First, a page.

KSTF seeks to support and prepare leading teachers, and we do so—intentionally and purposefully—from the very beginning of their careers.

As we share this goal with others, it isn’t uncommon for us to get some questions. These questions usually come in two—completely reasonable—forms. First, how can new teachers be leaders? Don’t leaders need more experience, expertise, and knowledge in order to lead? And second, how can you prepare new teachers to be leaders when they have so many other things to master (like, not insignificantly, learning to teach well)?

We understand why people ask such questions, because our own work with teacher leadership began with similar premises. Our Teaching Fellows program had for many years, as the theme of its fifth and final year, some version of “teacher leadership.” Embedded in the selection of that theme was the idea that only once we had supported teachers in gaining confidence and skill in teaching could we turn our support to helping them lead. But as we often do at KSTF, we followed the lead of our Fellows and saw that they, well before they got to their fifth year of the Fellowship, were leading. Some lead formally, being appointed to positions by their schools and districts. Some lead informally, mobilizing collaborations with their colleagues to tackle problems at their school, often by including colleagues in work they were learning about in professional development (either at KSTF or elsewhere).

We now think about teacher leadership in ways that open up a very important role for early-career teachers to play—both as leaders and as teachers preparing to lead—and our support through all five years of the Teaching Fellows program and into the Senior Fellows program is designed around that idea. The questions we get asked (and our own initial forays into teacher leadership) seem to be based on the assumption that teachers need significant experience before they can be leaders.  However, we’ve learned two important things that counter this assumption:

  1. Teacher leadership isn’t something that needs to wait for experience to be gained or for permission to lead to be granted. All teachers can lead and all teachers can contribute to a teaching profession that leads, particularly when one views leadership as both reflexive and distributed. Early-career teachers can lead when they work with other teachers to improve themselves and each other. Of course, teachers and teacher leaders with hard-won experience and expertise can make important contributions that new teachers are not able to, but that shouldn’t discount that new teachers can, from the beginning, contribute to improving education in and beyond their own classroom.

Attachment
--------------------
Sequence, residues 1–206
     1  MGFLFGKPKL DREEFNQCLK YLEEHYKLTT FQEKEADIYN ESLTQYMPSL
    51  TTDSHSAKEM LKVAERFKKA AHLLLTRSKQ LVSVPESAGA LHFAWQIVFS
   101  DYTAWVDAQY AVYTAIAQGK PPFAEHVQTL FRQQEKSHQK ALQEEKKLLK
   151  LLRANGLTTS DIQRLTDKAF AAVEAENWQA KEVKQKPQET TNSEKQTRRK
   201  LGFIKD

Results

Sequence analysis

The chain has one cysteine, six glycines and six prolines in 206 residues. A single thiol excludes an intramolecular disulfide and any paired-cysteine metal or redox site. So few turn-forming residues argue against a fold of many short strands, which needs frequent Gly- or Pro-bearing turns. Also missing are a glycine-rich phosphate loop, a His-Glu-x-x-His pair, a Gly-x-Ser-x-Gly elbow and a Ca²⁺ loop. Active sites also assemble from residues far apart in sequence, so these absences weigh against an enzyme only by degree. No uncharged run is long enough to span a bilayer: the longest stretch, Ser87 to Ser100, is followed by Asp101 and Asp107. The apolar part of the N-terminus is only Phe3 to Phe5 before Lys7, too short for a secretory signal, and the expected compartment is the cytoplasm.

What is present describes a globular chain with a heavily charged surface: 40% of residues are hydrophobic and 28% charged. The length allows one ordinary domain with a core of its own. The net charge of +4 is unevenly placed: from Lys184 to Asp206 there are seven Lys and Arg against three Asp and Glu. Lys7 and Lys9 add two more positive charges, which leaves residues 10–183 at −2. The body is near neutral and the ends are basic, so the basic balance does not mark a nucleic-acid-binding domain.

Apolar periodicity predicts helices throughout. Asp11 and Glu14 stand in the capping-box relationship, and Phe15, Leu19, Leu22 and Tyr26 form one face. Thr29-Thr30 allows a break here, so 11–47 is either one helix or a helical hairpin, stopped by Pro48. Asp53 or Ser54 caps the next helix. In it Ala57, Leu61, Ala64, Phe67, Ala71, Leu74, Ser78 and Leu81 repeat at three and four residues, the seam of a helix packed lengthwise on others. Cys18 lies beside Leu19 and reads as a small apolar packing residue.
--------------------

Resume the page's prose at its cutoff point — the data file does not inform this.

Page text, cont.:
2. Early support and encouragement for and opportunities to practice teacher leadership can accelerate teacher leadership for new teachers. We recognize the challenges that all teachers, but particularly early-career teachers, face in leading from the classroom and look for ways to reduce the complexity and risk in their early efforts to lead. In this way, teachers learn to lead by leading and reflecting on their efforts.

Over the next year, we will be blogging about our work in developing teacher leaders from the beginning of their careers, sharing our developing frameworks for this work as well as some of the strategies we use and why we use them. We’ll explore the assumptions we make above, and hope that we can convey an expansive view of teacher leadership that opens up room for all teachers, even new ones.

In our first three posts (shared over the next couple of months), each of our three teams who work with Fellows across the five years of the Teaching Fellows program will discuss one way they approach the work of supporting new teachers as teacher leaders. Jen Mossgrove (who leads the team working with first- and second-year Fellows) will describe how the cohort model of the Fellowship provides a safe teacher community for Fellows to practice collaborative improvement with colleagues, which we see as the foundation of teacher leadership. Michele Cheyne (who leads the team working with third- and fourth-year Fellows) will describe how they support  Fellows to thoughtfully analyze collegial relationships in their schools and help them to understand their role in those relationships, even as new teachers. Finally, Roseanne Rostock (who leads the team working with fifth-year Fellows) will describe one framework that the team uses to help Fellows understand their school as a system, and the way that systematic understanding can help them see new possibilities for change.

We hope you’ll join in the conversation with us!